Posts from February, 2014
While many are surprised to learn that mammary cancer affects our pets, it’s actually a very common problem. In fact, breast cancer is more commonly found in pets than in people. Statistically, one in four intact (not spayed) female dogs will develop a mammary tumor, and it is the third most common cancer for cats.
Approximately 50% of mammary tumors in dogs and about 90% of mammary tumors in cats fall into the malignant category. Malignant tumors are what we think of as the “bad” kind of tumor. Malignant tumors are invasive and may spread to other organs, and are usually very aggressive.
No pet owner wants their beloved pet to experience this disease. Learn what you need to know about breast cancer and your pet so that you can help your pet stay healthy. Continue…
While providing your pet with regular dental care can certainly reduce bad breath (which can be an early warning sign of dental disease) and brighten your pet’s smile, these benefits pale in comparison to the long-lasting advantages good oral hygiene can have on your pet’s overall systemic health and longevity.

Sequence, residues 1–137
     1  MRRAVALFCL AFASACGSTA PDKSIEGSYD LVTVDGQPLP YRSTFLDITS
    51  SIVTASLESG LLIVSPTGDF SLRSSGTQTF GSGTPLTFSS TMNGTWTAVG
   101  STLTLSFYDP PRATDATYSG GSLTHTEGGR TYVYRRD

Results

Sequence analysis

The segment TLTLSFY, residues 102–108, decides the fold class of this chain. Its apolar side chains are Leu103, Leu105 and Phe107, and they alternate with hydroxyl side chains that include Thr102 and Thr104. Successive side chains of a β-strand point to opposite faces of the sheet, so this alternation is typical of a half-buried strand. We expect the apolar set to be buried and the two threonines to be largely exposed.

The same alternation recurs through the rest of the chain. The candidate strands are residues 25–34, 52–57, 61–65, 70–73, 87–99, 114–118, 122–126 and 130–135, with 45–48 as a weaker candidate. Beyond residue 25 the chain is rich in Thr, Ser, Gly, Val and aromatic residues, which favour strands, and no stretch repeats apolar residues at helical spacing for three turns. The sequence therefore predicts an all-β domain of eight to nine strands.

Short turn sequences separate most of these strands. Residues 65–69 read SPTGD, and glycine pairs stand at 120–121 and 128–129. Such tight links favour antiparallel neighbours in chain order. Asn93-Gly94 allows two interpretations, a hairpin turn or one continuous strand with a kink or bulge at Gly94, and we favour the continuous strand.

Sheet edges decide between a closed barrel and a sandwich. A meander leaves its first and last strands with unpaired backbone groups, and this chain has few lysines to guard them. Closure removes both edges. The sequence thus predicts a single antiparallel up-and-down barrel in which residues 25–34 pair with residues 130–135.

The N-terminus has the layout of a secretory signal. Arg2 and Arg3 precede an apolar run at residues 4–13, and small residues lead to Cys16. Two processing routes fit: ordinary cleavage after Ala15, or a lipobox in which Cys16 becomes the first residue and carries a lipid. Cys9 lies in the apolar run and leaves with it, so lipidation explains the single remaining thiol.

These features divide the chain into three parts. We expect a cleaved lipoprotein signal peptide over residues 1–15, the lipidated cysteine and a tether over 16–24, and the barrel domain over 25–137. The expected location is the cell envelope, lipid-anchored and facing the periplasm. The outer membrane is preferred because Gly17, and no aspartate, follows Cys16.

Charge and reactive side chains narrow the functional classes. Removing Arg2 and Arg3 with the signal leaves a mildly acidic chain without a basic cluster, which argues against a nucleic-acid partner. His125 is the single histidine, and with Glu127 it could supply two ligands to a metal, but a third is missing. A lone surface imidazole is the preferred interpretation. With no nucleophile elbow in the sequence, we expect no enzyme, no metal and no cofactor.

Without regular dental care, you pet is at a greater risk for a number of issues that can and will affect your pet’s overall wellbeing.
Here are some examples of why dental care matters to pets: Continue…
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New Dog or Puppy? Time For Training!
Training is an important part of any dog's life. From providing mental stimulation to exercise and proper socialization, training will help in the development of a great canine companion. Enrollment is now open for Behavior Training Classes. The cost of a 6-week session is $120. Please call us at (630) 428-0500 to register your pet. For specific training questions only, please email: firstname.lastname@example.org.